Third-party candidate in SC senate race drops out, throws support behind Graham
A third-party candidate in South Carolina’s Senate race is dropping out and endorsing Sen. Lindsey Graham, providing the Republican incumbent with a boost as he faces an unexpectedly strong Democratic challenger.
Bill Bledsoe, who was the Constitution Party’s candidate in the Palmetto State, said Thursday he is dropping out to back Graham, specifically citing the senator’s efforts as chair of the Senate Judiciary Committee to usher President Trump’s judicial nominees to federal courts across the country.
“This is the most important election in my lifetime. I appreciate Senator Graham’s work helping President Trump confirm over 200 conservative judges to lifetime appointments on the federal bench,” Bledsoe said in a statement distributed by Graham’s campaign. “President Trump has asked that conservatives stand together and re-elect Lindsey Graham in order to help make America great again, and I agree.
“I will be voting for President Donald Trump and Senator Lindsey Graham on November 3rd, and I urge every freedom-loving South Carolinian to do the same.”
The conservative Constitution Party says its purpose is “to restore American jurisprudence to its Biblical foundations and to limit the federal government to its Constitutional boundaries.”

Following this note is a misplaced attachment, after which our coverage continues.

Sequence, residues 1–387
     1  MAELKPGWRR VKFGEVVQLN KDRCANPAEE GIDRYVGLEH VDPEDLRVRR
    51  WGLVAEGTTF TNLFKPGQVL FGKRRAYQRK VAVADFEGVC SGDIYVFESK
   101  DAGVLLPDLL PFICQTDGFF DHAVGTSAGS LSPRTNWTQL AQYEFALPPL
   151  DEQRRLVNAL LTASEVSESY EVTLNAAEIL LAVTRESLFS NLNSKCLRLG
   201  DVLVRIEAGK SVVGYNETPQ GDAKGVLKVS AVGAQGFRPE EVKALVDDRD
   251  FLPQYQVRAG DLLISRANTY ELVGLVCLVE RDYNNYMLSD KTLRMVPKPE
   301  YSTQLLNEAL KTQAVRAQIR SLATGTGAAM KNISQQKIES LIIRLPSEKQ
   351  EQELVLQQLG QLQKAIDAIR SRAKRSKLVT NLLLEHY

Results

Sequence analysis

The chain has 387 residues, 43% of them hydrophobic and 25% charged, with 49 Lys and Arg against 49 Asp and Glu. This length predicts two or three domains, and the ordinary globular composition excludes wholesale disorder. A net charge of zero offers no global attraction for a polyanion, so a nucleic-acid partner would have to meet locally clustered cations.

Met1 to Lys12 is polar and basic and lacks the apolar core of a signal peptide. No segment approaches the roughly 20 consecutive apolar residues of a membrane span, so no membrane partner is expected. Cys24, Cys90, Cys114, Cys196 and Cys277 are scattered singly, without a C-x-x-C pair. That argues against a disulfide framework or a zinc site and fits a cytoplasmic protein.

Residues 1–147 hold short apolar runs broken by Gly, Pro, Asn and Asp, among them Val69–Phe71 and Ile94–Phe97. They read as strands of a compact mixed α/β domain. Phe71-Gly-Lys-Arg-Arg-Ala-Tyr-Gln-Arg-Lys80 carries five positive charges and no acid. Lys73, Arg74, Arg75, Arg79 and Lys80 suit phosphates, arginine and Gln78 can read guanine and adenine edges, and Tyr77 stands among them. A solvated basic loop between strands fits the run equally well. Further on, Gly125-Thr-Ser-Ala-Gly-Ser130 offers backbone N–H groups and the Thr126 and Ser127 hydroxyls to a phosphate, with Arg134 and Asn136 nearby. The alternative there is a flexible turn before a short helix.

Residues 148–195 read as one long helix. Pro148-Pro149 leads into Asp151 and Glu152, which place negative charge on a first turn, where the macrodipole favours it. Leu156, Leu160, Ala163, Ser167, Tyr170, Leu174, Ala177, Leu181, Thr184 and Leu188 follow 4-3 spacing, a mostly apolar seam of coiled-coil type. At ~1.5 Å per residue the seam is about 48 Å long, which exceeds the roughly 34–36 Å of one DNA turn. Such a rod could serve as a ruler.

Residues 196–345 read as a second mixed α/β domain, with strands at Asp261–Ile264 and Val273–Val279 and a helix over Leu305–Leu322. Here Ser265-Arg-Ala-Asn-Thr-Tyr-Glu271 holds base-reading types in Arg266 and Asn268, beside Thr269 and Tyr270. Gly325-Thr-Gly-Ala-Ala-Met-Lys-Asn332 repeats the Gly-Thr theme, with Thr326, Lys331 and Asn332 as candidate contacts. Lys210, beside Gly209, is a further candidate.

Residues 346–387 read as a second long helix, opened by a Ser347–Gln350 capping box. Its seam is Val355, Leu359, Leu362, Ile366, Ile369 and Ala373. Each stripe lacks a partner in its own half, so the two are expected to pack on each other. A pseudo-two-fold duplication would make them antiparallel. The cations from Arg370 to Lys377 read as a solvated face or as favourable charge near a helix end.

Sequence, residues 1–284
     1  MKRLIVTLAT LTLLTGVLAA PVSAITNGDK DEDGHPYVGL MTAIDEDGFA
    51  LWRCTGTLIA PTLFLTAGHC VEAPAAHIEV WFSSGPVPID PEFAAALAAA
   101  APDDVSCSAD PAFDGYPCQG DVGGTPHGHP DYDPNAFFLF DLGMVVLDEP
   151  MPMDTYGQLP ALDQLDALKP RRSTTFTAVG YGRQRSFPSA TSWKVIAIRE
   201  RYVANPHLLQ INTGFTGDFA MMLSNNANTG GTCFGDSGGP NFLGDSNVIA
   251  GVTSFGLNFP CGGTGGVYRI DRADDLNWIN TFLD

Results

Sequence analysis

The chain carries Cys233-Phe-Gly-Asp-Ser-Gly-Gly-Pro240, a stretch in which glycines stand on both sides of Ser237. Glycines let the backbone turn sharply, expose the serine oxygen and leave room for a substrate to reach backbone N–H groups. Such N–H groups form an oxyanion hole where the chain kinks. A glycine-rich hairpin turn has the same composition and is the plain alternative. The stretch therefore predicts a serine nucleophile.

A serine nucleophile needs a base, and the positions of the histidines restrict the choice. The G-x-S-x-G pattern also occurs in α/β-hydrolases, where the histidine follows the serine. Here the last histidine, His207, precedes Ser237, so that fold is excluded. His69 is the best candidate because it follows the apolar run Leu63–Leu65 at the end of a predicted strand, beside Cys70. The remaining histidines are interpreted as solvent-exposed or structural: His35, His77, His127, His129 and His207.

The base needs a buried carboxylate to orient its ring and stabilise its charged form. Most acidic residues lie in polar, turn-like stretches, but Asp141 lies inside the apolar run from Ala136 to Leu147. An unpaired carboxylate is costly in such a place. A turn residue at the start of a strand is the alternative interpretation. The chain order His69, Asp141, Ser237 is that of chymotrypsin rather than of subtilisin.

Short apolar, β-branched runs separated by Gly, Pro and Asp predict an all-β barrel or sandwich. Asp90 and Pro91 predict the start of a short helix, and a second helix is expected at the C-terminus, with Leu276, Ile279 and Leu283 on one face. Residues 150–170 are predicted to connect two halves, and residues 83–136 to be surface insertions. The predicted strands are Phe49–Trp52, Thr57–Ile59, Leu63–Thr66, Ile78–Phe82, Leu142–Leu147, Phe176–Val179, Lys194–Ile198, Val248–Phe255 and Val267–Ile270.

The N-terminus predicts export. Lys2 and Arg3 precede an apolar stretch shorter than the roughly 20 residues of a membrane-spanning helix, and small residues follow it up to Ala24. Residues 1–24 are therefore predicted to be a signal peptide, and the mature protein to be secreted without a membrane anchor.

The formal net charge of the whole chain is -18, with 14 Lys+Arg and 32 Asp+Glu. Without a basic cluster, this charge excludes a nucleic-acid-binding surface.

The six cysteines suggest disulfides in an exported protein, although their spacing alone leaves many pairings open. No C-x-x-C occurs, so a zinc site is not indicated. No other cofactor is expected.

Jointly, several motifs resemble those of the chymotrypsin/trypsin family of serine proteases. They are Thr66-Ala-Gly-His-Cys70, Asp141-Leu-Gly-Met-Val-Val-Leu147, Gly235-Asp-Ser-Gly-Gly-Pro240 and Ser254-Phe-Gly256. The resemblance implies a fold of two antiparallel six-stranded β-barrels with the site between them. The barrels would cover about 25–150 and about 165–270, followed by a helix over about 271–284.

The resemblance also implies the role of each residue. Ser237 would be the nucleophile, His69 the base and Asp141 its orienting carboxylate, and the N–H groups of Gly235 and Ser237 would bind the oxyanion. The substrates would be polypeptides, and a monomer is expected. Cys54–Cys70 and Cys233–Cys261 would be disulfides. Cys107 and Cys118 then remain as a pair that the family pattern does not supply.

The endorsement from Bledsoe, a veterinarian from Spartanburg, marks a small victory for Graham, who is fielding a tough challenge from Democrat Jaime Harrison. Harrison is heading into the final sprint to Election Day with a gargantuan campaign account after attracting donors from across the country, and polls show him and Graham running neck and neck.
Bledsoe ran against Sen. Tim Scott (R) in the 2016 South Carolina Senate race for both the Constitution and Libertarian parties, raising eyebrows when he carried around a Revolutionary War-era rifle as he discussed gun restrictions. But while he only garnered 2 percent support in that race, a similar showing could have made the difference in a Senate contest that polls show may be decided at the margins.
Graham, who first won his seat in 2002 and coasted to reelection in 2008 and 2014, is looking to consolidate support from conservatives who may be wary over his early criticism of President Trump’s campaign in 2015 before he turned into one of the White House’s staunchest allies. He’s also at times drawn Republicans’ ire over his willingness to work with Democrats and his stances on immigration.
“I appreciate Dr. Bledsoe’s support. We agree on numerous issues like increasing the number of conservative judges on the bench, reducing the national debt, upholding the sanctity of life, and having a strong military,” Graham said. “Dr. Bledsoe and I both recognize that Democrats like Jaime Harrison pose a threat to these values and our beloved state. Radical liberals, like my opponent Jaime Harrison, are trying to fundamentally change who we are as a country.”
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